Halifaxpeople Blog 17

Alexandra Hall and Café Company

The King Edward Street entrance to the Alexandra

Aka Alexandra Theatre.

Public Hall – owned by the Alexandra Hall & Café Company – between Alexandra Street and King Edward Street, Halifax. It was designed by the Halifax-based Clement Williams & Sons, and built by Benjamin Whitehead Jackson and opened on 11th March 1931, with the Alexandra Café and restaurant.

The 650-seat hall was owned by the Halifax Building Society – and built on land owned by the society next to the former York Buildings – although it was operated by an independent company for many years, and was popularly known as The Alex.

When opened, it had the only domed cyclorama in Britain.

The theatre was well-equipped and the lighting was advanced for its time with a sophisticated colour system. The first production was the Halifax Thespians' Adam, the Creator by the Brothers Capek.

There were 3 lockup shops outside the building. The basement is carved out of solid rock and was used as a strong room to store the building society's title deeds and documents.

The hall was used for meetings, social gatherings and exhibitions, and was closed to the public in 1969, and is now a part of The Halifax complex

Thanks to Malcolm Bull for this information

Alexandra Street entrance to the Alexandra Hall

View King Edward Street

On This Day

17th 1846 Elihu Burritt lectured in Halifax on 'Ocean Penny Postage' scheme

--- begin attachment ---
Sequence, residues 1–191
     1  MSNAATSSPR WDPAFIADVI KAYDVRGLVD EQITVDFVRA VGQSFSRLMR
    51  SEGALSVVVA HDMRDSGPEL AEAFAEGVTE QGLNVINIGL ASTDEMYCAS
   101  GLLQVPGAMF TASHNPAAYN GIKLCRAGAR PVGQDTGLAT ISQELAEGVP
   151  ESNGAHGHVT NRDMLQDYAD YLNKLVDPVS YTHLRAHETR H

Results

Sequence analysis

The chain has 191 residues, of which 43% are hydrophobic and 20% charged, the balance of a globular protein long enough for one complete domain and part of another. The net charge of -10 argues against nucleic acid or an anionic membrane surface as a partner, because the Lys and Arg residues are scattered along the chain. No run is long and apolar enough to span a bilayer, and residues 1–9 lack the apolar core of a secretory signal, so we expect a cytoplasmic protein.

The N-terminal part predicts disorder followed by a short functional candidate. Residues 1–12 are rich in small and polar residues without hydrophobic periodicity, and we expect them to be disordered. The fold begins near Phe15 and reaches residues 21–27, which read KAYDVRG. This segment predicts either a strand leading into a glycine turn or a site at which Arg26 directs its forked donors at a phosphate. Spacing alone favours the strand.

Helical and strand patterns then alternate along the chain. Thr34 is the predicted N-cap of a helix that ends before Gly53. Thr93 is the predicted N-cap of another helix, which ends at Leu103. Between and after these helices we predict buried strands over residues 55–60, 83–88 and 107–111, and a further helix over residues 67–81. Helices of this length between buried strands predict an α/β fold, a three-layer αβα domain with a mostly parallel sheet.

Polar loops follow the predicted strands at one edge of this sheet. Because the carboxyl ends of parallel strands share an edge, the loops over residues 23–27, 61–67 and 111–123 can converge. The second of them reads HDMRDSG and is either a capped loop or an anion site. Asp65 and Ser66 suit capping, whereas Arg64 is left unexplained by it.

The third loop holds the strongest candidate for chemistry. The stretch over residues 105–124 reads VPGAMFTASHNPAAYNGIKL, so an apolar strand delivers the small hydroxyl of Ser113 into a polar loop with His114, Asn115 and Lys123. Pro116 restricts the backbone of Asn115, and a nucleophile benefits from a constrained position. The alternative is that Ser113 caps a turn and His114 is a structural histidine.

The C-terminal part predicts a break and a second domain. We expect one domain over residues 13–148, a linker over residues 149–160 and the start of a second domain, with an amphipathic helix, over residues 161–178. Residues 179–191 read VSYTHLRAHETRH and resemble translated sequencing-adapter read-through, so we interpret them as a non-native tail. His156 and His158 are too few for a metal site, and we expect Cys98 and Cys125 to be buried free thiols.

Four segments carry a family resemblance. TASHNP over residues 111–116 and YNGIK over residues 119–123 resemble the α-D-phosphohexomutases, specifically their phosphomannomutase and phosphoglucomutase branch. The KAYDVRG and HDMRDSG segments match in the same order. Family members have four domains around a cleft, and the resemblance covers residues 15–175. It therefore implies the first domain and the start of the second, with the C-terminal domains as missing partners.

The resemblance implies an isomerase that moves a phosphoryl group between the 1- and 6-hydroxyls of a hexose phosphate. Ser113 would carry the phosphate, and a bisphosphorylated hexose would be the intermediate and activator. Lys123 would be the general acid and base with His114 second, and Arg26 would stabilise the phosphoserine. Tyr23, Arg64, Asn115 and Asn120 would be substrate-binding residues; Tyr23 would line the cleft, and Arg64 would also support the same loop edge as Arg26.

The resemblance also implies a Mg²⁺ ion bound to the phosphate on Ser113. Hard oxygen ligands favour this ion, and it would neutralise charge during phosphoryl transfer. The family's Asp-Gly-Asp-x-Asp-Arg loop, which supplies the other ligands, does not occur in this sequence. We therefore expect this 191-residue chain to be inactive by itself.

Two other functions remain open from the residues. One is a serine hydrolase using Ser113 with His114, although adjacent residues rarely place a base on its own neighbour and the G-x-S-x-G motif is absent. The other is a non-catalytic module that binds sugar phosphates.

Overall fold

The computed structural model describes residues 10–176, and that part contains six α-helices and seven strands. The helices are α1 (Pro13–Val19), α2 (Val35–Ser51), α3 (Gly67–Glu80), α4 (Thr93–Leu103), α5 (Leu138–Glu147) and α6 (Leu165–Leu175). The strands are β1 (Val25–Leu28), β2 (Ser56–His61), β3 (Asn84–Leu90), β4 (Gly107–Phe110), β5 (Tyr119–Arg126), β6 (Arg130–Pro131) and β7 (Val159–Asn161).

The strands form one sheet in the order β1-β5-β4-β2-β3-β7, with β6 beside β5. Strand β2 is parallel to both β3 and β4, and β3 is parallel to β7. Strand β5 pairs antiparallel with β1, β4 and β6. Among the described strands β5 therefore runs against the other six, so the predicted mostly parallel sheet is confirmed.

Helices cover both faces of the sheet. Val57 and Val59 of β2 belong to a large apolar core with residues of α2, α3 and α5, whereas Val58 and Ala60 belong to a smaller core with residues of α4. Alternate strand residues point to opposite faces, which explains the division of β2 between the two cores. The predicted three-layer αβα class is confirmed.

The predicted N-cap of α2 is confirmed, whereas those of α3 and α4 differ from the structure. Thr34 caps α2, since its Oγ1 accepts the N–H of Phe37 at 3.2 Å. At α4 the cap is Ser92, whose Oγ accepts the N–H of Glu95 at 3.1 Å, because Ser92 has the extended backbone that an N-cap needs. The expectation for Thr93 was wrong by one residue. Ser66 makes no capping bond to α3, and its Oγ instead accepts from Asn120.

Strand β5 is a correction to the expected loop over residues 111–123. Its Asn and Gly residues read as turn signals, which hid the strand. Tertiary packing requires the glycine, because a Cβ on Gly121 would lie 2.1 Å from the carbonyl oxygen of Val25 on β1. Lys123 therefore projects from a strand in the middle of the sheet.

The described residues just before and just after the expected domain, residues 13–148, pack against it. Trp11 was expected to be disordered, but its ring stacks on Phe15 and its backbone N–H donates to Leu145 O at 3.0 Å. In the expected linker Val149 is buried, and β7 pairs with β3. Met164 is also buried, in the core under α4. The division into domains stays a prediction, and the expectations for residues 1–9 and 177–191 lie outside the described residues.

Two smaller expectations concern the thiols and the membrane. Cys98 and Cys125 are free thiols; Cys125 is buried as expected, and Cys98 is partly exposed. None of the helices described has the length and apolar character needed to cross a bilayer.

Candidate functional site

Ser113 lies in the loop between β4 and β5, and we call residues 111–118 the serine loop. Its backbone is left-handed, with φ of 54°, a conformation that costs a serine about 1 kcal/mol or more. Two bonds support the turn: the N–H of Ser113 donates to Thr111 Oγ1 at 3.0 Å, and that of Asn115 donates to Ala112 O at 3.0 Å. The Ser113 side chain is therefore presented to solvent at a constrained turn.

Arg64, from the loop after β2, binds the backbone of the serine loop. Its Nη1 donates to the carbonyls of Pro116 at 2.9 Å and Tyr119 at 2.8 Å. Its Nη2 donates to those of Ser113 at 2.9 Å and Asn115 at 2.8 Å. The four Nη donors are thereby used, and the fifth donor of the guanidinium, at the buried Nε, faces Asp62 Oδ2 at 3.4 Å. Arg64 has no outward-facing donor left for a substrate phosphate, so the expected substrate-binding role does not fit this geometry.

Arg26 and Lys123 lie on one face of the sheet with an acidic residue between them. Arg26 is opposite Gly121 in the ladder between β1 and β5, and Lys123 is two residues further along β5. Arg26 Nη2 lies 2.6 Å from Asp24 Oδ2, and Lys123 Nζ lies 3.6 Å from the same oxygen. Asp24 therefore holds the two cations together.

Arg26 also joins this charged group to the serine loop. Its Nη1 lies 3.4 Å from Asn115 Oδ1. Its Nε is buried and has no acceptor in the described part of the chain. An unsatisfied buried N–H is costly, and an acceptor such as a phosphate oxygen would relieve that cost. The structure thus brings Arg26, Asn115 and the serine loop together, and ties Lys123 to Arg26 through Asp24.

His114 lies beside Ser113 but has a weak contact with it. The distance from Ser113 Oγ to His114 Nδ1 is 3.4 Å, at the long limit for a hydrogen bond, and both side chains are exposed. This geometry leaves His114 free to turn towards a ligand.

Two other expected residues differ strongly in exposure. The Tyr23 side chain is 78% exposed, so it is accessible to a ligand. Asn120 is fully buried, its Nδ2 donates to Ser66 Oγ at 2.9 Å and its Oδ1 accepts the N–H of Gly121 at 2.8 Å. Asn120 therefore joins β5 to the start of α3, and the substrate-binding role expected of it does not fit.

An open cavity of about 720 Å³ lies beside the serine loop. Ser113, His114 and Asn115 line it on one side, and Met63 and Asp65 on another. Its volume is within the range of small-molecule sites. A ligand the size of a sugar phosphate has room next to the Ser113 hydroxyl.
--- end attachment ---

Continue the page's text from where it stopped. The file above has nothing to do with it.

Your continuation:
17th 1963 Brookfoot Mill burned down with damage of £12,000

Courier's 'Trend of Things'

For many years the Halifax Evening Courier has included a photo at the top of a page, with the written article lower down the page. This was often so that the reader could attempt to recognise where or what the photo was of. The photo quality was often poor but still recognisable. It was a very popular feature that is resurrected on this page. 

See the answer further down this page

Mine's A Pint

Malt Shovel

Fact - demolished and rebuilt for road widening in 1824

2 Ann Street, Northgate. Built in 1629.

The landlord sold 2d tokens for admission to the pub's Music and Picture Gallery [1708].

The pub was demolished in 1824 and rebuilt further back when the road was widened.

The Inn still had the Music & Picture Gallery when Benjamin Milne was licensee [1850s].

The Halifax Courier [Saturday 16th July 1853] advertised  

Malt Shovel Inn, Ann Street, Halifax Sale by Auction on 18th July 1853.

Malt Shovel Inn between Ann Street and Malt Shovel Yard near the East side of Northgate, now in possession of Benjamin Milne.

One of the oldest established Inns in the Borough.

Information thanks to Malcolm Bull

Answer to our 'Trend of Things' photo

Today we have a real treat for you. An amazing historical read all about early Halifax

Read the book

Wish You Were Here

Postcard From Halifax

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